Microsoft Office Tutorials and References
In Depth Information
Exhibit 5.24 Calculation of average (avg) and weighted average (Wt-avg)
A casual analysis of the table suggests that Product 1 shows a 50% or greater
favorable rating for all categories. No other product can equal this favorable rating:
Product 1 is the top choice of all respondent categories except for 1
1 and it is
tied with Product 3 for category 1
2. Although this casual analysis suggests a clear
choice, we can now do more formal analyses to arrive at the selection of a single
First, we will calculate the average of all favorable ratings for each category
2) as a single composite score. This is a simple calculation and it
provides a straightforward method for TiendaMía.com to assess products. In Exhibit
5.24 the calculation of averages is found in F25:F28–0.6181 for Product 1 , 0.4965
for Product 2 ,etc. Product 1 has the highest average favorable rating. But there
are some questions that we might ask about the fairness of the calculated averages.
Should there be an approximately similar number of respondents in each category
for this approach to be fair? Stated differently, is it fair to count an individual cate-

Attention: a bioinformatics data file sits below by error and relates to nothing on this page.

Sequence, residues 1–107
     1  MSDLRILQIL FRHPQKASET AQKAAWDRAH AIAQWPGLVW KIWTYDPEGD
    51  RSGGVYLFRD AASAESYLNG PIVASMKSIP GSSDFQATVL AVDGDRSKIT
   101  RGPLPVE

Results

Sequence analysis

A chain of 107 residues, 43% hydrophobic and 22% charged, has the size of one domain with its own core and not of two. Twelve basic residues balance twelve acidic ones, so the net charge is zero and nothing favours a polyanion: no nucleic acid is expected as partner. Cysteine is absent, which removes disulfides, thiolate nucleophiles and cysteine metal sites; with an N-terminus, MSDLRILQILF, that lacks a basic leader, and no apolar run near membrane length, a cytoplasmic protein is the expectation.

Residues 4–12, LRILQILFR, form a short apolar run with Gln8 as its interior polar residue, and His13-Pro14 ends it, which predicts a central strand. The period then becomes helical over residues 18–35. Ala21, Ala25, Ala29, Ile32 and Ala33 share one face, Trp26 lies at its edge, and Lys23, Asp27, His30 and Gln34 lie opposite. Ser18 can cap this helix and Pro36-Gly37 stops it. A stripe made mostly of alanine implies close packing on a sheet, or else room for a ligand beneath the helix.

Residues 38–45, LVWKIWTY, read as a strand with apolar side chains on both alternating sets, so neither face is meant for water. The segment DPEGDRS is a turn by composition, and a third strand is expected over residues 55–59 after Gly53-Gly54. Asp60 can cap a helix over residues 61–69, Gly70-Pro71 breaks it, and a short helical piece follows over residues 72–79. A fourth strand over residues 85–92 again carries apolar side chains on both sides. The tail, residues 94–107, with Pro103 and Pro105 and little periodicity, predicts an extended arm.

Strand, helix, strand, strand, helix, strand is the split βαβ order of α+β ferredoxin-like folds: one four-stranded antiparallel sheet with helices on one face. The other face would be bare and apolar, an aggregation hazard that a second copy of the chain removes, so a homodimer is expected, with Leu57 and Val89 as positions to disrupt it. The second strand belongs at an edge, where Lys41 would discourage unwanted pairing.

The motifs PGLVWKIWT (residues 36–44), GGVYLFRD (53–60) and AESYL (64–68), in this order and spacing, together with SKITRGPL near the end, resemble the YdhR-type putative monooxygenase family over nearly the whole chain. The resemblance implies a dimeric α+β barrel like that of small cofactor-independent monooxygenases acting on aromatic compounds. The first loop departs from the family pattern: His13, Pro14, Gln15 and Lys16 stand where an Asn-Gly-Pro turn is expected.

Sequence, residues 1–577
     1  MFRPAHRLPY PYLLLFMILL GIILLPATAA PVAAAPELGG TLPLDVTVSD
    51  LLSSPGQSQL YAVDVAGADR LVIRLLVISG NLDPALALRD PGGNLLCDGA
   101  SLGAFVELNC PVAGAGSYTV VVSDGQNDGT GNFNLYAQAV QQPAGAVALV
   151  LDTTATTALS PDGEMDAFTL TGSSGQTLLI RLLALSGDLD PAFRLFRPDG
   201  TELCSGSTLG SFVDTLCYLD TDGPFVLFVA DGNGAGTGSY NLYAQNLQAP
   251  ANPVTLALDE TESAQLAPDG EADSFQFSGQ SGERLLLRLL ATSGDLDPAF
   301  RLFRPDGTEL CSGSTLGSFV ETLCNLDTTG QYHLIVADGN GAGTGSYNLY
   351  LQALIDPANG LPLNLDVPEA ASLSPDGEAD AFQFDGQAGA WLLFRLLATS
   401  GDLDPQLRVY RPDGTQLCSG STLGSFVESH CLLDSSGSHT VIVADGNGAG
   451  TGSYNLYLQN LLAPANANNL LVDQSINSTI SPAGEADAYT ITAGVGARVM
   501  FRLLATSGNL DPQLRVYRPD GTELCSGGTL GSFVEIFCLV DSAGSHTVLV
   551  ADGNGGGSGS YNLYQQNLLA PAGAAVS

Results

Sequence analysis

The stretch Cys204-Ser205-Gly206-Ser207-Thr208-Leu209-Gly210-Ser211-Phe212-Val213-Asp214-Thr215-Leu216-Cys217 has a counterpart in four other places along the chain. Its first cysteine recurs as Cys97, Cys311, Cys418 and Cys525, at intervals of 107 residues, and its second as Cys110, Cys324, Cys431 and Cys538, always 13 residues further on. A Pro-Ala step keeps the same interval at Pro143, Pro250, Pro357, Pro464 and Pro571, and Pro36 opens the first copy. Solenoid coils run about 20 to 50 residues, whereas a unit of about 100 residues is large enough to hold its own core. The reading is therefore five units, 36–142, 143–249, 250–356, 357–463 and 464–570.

gory average equally to others when the number of respondents in that category is
substantially less than other categories?
In TiendaMía.com’s study, there are different numbers of respondents in the vari-
ous categories. This can be signiﬁcant for the calculation of averages. The difference
in the numbers can be due to the particular sample that we selected. A random sam-
ple of this small size can lead to wide variation in the respondents selected. One way
to deal with this problem is to consciously sample customers to reﬂect the propor-
tion of category members that shop at TiendaMía.com. There are many techniques
and methods for formally sampling 7 data that we cannot study here.
7 Sampling theory is a rich science that should be carefully considered prior to initiating a study.